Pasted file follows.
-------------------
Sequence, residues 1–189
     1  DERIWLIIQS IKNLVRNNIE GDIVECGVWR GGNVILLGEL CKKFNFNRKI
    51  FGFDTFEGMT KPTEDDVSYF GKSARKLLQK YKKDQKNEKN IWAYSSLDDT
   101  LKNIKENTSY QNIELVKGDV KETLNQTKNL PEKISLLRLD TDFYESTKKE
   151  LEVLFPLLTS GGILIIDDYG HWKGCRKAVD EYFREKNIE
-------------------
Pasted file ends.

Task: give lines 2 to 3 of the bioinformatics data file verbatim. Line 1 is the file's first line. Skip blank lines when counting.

     1  DERIWLIIQS IKNLVRNNIE GDIVECGVWR GGNVILLGEL CKKFNFNRKI
    51  FGFDTFEGMT KPTEDDVSYF GKSARKLLQK YKKDQKNEKN IWAYSSLDDT